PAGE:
OVER the years, many rural land holdings in Queensland originally developed or granted as leasehold tenure have been converted to freehold title.
Does this conversion improve land tenure security or translate into dollars at sale time?
Ari McCamley, a partner in Thynne + Macartney’s team of agribusiness lawyers based in Brisbane, said there had been a significant interest in converting leasehold land to freehold tenure, since the Queensland Government changed its land tenure legislation in 2014.
“With leasehold land making up 66 percent of Queensland, owners of leasehold properties are required to pay an annual rent to the state government, despite having already purchased their properties. The new laws encourage landholders to transition to freehold by paying a discounted lump sum that represents the rent they would otherwise have to pay into the future.”
Last year, Mr McCamley spoke at the AgForce 360 seminar series which took a wide sweeping view of agriculture across Queensland.
“When I asked each of the meetings who was considering freeholding their land, about one third of the audience put up their hands. Given that some people were already sitting on freehold (and therefore the question was irrelevant to them) and others might not have turned their mind to the opportunity, I think that was a significant number,” he said.
North Queensland regional manager for state farmer organisation, Agforce, Paul Burke, said the level of interest was high among members in his area. He said he often fielded several calls a week about freeholding land.
“Those who have Perpetual Leases are taking the opportunity to convert to Freehold title. Security of tenure is the major benefit. It’s certainly more attractive for a bank to have a Freehold title over Leasehold. The owner owns the land forever,” he said.
Mr McCamley said there was a common perception that security of Freehold tenure far exceeds the security of Leasehold tenure. “I’m not saying that’s necessarily supported by a legal analysis, but it is a commonly held perception by rural landholders.”
Mr Burke said in 95 percent of cases in Queensland, where native title had been extinguished, converting from a Perpetual Lease to Freehold tenure was a simple process, and many graziers had taken that up.
However, landholders on rolling leases had shown mixed interest in converting.
“While rolling leases can be converted to Freehold title, in many cases native title needs to be extinguished and that can be a difficult, cumbersome and costly process.”
Mr McCamley said native title was a restriction. “Where native title hasn’t already been extinguished, freeholding won’t be an option in many cases. Given the number of Leasehold properties subject to native title, a large part of Queensland, between one-half and two-thirds, will indefinitely remain as Leasehold land.”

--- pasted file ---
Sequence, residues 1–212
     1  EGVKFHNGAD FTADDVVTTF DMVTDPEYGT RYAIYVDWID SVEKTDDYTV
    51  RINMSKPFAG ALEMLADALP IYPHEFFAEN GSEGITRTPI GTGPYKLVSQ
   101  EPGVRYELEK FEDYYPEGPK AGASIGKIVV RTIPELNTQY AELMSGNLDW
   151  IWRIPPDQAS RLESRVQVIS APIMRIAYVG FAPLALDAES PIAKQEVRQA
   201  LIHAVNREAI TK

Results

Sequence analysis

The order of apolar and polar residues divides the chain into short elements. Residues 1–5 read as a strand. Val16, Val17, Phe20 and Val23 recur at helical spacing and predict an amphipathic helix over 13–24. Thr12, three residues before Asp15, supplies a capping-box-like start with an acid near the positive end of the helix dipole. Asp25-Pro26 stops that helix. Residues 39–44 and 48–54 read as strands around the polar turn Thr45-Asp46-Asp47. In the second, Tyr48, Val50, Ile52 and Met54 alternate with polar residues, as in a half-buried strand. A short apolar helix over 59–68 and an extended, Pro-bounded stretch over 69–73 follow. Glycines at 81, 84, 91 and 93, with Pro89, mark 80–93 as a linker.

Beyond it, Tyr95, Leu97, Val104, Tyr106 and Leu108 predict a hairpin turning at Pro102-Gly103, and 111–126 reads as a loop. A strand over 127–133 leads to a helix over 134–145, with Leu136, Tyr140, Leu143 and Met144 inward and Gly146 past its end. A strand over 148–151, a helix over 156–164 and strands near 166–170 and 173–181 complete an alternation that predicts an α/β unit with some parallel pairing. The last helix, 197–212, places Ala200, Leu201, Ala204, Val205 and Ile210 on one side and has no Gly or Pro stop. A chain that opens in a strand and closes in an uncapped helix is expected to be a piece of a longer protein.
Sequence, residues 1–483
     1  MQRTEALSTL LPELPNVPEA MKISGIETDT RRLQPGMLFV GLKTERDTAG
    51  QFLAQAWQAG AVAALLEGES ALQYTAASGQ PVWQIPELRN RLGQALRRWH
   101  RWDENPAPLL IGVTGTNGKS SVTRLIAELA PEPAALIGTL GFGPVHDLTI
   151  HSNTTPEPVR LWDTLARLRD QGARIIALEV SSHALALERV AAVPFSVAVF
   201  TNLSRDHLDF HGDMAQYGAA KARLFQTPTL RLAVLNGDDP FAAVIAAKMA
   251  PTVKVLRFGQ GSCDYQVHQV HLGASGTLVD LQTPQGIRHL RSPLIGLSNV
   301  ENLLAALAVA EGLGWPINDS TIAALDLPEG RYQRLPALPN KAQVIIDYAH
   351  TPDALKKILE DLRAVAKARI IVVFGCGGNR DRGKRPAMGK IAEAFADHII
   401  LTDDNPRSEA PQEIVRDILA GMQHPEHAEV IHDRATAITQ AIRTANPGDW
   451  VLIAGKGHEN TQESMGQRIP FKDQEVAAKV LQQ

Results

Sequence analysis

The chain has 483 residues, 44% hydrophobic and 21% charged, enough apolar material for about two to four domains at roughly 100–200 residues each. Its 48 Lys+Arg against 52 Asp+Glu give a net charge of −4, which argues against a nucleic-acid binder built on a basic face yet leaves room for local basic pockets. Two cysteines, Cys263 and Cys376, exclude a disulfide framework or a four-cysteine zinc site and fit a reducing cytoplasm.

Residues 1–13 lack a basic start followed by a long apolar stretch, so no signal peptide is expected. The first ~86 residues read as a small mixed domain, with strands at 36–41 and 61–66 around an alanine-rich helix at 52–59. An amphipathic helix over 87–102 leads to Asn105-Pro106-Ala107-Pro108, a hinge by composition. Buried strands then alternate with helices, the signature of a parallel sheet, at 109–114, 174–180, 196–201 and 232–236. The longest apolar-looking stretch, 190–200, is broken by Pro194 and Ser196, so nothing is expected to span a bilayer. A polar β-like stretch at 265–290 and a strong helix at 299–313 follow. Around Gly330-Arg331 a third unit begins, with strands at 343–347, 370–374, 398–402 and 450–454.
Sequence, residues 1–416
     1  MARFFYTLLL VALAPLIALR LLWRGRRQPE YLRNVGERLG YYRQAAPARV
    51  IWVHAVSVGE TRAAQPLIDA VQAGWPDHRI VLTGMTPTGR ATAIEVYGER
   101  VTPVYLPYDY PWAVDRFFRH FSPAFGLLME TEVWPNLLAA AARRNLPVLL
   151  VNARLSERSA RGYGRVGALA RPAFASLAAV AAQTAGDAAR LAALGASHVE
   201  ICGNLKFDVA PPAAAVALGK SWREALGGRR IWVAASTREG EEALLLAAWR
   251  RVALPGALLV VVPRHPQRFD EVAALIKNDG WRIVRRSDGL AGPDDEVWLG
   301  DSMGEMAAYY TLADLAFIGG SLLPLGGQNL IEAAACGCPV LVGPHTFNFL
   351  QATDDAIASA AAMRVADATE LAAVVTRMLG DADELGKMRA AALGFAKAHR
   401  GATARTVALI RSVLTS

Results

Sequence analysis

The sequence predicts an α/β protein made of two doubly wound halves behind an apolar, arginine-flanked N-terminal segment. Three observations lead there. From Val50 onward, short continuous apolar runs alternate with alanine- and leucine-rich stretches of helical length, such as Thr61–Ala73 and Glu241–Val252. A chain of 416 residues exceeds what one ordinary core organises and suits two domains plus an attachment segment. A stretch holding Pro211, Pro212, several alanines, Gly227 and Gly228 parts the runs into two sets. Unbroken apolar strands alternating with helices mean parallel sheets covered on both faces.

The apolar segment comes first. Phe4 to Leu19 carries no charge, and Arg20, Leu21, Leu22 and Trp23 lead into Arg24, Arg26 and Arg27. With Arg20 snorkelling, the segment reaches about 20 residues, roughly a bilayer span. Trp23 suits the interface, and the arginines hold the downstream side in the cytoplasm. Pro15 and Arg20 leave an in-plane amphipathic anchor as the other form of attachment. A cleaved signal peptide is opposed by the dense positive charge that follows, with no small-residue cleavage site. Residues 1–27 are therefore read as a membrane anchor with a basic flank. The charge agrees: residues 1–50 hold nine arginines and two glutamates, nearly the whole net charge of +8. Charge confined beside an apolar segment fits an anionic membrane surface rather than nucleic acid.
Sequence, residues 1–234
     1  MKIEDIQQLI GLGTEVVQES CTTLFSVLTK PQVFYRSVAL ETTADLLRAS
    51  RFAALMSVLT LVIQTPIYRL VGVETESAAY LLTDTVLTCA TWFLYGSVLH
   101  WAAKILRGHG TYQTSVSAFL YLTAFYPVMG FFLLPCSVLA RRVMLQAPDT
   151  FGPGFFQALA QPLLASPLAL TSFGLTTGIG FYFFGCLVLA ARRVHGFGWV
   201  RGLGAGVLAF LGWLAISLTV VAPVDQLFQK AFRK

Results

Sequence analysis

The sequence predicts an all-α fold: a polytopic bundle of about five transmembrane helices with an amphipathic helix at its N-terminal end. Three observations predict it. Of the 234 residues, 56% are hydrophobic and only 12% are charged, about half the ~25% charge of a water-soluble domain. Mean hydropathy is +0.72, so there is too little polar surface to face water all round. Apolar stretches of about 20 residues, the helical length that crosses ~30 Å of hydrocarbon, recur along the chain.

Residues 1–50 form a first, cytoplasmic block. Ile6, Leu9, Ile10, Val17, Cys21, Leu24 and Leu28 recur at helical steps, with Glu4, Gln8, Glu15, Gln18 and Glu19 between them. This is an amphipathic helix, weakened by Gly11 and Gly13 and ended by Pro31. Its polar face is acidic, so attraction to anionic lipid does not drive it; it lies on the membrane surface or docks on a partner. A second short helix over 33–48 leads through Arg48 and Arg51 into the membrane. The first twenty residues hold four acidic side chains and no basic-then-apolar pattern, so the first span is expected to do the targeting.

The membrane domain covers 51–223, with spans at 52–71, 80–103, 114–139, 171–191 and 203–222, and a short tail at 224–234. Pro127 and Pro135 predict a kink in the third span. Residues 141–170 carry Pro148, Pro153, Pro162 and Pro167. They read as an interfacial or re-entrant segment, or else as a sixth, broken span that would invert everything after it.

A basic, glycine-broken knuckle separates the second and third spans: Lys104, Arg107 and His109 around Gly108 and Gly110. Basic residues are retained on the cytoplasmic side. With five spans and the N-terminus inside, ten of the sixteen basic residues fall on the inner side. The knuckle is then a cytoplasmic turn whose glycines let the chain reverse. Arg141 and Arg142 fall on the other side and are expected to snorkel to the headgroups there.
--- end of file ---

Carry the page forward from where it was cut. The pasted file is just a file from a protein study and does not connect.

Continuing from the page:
Mr Burke said another major impediment to conversion had been four years of drought.
“With 80 percent of Queensland drought-declared, producers are very cautious about spending. To come up with the money to convert from Leasehold to Freehold in these current climatic conditions is difficult.”
Both Mr McCamley and Mr Burke agree there are costs that need to be factored into conversion.
“For the most part, grazing properties need to be re-surveyed. In some cases it can be achieved by a desktop survey. In others, an on-the-ground survey is required, and this can be quite expensive if its in a remote location,” Mr Burke said.
Mr McCamley explains that under the original grant of land leases, boundaries were approximate.
“Today, the state government is using the freeholding process as an opportunity to improve the quality of surveying. This will add, on average, $20,000 to the cost of Freeholding, as well as a few months to the process. However, on the upside, land tenure can be converted in six months.”
Mr McCamley said rural land valuers (who do such analysis more thoroughly) would often say that the property market did not recognise a price differential at the point of sale, between Freehold and Leasehold land in Queensland.
“Despite that, I have clients who clearly tell me when they are looking to buy a property, or they have recently signed up to buy one, they prefer Freehold land because they believe security of tenure is greater,” he said.
“I would expect a price differential, but the facts and the figures suggest otherwise.”
Lorin Bishop is a rural property specialist with Elders Real Estate Rural Queensland, based in Charters Towers in the state’s north.
He offered the following scenario.
“A grazier comes to you and says should I convert my property to freehold? Will that make my property more valuable? You’d think the answer would be yes, wouldn’t you? But evidence shows it’s not,” Mr Bishop said.
“I see two properties side-by-side in the open downs country – good quality, high-valued, blacksoil Mitchell and Flinders grass plains between Hughenden, Richmond and Julia Creek (where there are no term leases). One is Perpetual Leasehold land and the other is Freehold tenure, and there is no difference in the sale price,” he said.
“Freehold is a selling point and can make the property easier to sell, but at the end of the day, there’s not much, if any difference in the value.”